Economic Indicators of Oman

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Topic: analysis of economic indicators of oman

INTRODUCTION
Oman, officially called the Sultanate of Oman is an Arab state in southwest Asia on the southeast coast of the Arabian Peninsula. It is bordered by the United Arab Emirates (UAE) to the northwest, Saudi Arabia to the west and Yemen to the southwest. The coast is formed by the Arabian Sea on the southeast and the Gulf of Oman on the northeast. Oman is an absolute monarchy in which the Sultan of Oman, named Sultan Saeed bin Qaboos, exercises ultimate authority but its parliament has some legislative and oversight powers. In November 2010, the United Nations Development Programme (UNDP) listed Oman, from among 135 countries worldwide, as the nation most-improved during the preceding 40 years. According to international indices, it is one of the most developed and stable countries in the Arab. Oman is a middle-income economy that is heavily dependent on dwindling oil resources. Because of declining reserves and a rapidly growing labor force, Muscat, the capital of Oman has actively pursued a development plan that focuses on diversification, industrialization, and privatization, with the objective of reducing the oil sector's contribution to GDP to 9% by 2020 and creating more jobs to employ the rising numbers of Omanis entering the workforce. Tourism and gas-based industries are key components of the government's diversification strategy. By using enhanced oil recovery techniques, Oman succeeded in increasing oil production, giving the country more time to diversify, and the increase in global oil prices through 2011 provided the government greater financial resources to invest in non-oil sectors.

| 2000| 2001| 2002| 2003| 2004| 2005| 2006| 2007| 2008| 2009| 2010| 2011| 2012| Unemployment| --| --| --| --| --| --| --| --| --| --| --| --| --| Inflation| - 1.2| -0.8| -0.3| 0.2| 0.8| 1.9| 3.2| 6.0| 12.1| 3.9| 3.2| 4.1| --| GDP growth annual (%)| --| --| 2.6| 0.3| 3.4| 4.0| 5.5| 6.8| 12.8| 1.1| 4.0| 5.5| --| GDP real growth (%)| 4.6| 7.4| 2.2| 1.1| 1.2| 5.6| 6.6| 5.6| 6.4| 2| 4.2| 5.5| --| Reserves (billion US $)| --| --| 3.173| 3.593| 3.597| 4.358| 5.014| 9.523| 11.582| 12.203| 13.025| 14.366| --| Tax/GDP (%)| --| --| --| --| --| 19.50| 20.30| 21.60| 21.60| 21.60| 21.60| 22.0| --| Trade/GDP (%)| --| --| 77.4| 82.9| 90.6| 89.9| 88.8| 96.9| 96.2| 94.1| --| --| --| External Debt (billion US $)| 4.8| 4.5| 5.3| 5.7| 5.97| 4.81| 4.36| 4.26| 5.3| 6.88| 7.06| 8.83| 9.05| Saving/GDP (%)| --| --| 40.2| 39.4| 38.1| 50.5| 49.0| 47.2| 51.0| --| --| --| --| Real Interest Rate(%)| --| --| 10.8| 1.0| -2.9| -11.1| -4.8| 0.6| -16.4| 40.4| -10.0| -9.7| | Exchange rate ($)| 0.38| 0.38| 0.38| 0.38| 0.38| 0.38| 0.38| 0.38| 0.38| 0.38| 0.38| 0.38| 0.38| ECONOMIC INDICATORS OF OMAN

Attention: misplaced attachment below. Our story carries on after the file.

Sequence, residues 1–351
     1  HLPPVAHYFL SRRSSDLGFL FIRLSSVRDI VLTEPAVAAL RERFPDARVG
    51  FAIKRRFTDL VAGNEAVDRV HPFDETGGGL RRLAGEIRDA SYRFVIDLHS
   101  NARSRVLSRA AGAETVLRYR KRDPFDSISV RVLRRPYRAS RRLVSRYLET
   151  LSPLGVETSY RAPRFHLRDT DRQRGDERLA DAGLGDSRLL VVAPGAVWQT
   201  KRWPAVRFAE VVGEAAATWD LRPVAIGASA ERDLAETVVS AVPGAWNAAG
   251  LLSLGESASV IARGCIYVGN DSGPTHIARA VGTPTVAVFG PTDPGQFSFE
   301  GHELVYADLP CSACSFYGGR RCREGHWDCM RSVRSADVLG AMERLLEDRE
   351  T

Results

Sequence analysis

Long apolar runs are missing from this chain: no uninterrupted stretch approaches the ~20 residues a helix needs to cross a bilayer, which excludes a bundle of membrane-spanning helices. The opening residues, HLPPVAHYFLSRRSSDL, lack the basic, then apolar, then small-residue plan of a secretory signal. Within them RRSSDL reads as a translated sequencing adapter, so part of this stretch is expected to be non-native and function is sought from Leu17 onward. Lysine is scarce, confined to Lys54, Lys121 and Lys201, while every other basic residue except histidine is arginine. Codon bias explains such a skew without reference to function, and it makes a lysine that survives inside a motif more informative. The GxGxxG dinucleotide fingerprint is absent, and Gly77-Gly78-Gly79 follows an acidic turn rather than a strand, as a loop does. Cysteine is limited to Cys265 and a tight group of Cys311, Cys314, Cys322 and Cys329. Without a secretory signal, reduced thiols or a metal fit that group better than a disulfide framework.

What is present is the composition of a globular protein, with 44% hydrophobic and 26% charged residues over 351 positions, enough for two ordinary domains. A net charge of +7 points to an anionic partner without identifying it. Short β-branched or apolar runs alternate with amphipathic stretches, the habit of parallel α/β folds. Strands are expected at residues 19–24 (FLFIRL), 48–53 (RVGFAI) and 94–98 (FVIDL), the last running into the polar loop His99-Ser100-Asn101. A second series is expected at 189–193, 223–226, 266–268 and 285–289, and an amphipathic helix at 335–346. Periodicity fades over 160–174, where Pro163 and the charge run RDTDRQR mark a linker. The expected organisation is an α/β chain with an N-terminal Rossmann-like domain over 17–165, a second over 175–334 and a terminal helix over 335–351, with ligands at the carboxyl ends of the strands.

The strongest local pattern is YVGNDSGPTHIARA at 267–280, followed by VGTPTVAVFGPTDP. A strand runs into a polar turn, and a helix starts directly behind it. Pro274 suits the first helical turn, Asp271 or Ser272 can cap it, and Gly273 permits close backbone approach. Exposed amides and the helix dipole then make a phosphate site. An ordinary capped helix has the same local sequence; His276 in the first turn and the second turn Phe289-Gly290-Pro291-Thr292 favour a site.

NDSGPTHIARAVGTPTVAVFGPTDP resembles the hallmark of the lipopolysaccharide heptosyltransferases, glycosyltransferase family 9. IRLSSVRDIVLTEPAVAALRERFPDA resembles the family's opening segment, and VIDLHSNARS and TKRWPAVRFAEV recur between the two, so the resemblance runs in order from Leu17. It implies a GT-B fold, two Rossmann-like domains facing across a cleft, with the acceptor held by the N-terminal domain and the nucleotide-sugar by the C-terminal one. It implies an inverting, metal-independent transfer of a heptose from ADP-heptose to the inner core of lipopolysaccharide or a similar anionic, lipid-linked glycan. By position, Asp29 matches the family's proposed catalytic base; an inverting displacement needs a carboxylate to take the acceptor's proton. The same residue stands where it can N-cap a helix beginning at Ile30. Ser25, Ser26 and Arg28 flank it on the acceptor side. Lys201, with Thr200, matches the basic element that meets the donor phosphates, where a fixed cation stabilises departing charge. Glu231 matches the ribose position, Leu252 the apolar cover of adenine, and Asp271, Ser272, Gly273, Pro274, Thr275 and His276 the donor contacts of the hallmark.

Analysis of the Economic Indicators of Oman
1. Unemployment: percent of the labor force that is without jobs Oman has a population of 2.981 million, which is rising at around 3.4% a year. Its labor force is just shy of 1 million. There are no up-to-date unemployment figures available for Oman. Unemployment was estimated at 15% in 2004, but it has been dropping as the ‘Omanization’ program continues to roll out, and is forecasted to drop below 10% within the next five years. The policy of Omanisation aims to replace expatriate workers with locals.

2. Inflation: as measured by the consumer price index reflects the annual percentage change in the cost to the average consumer of acquiring a basket of goods and services that may be fixed or changed at specified intervals, such as yearly. Despite high liquidity, inflation remained low in the range of -1% to 1.9% during 2001 to 2005, but flared up to an annual rate of (12.6%) in 2008 compared to a (5.9%) in 2007 due to high import prices for goods priced in Euro, Japanese Yen...
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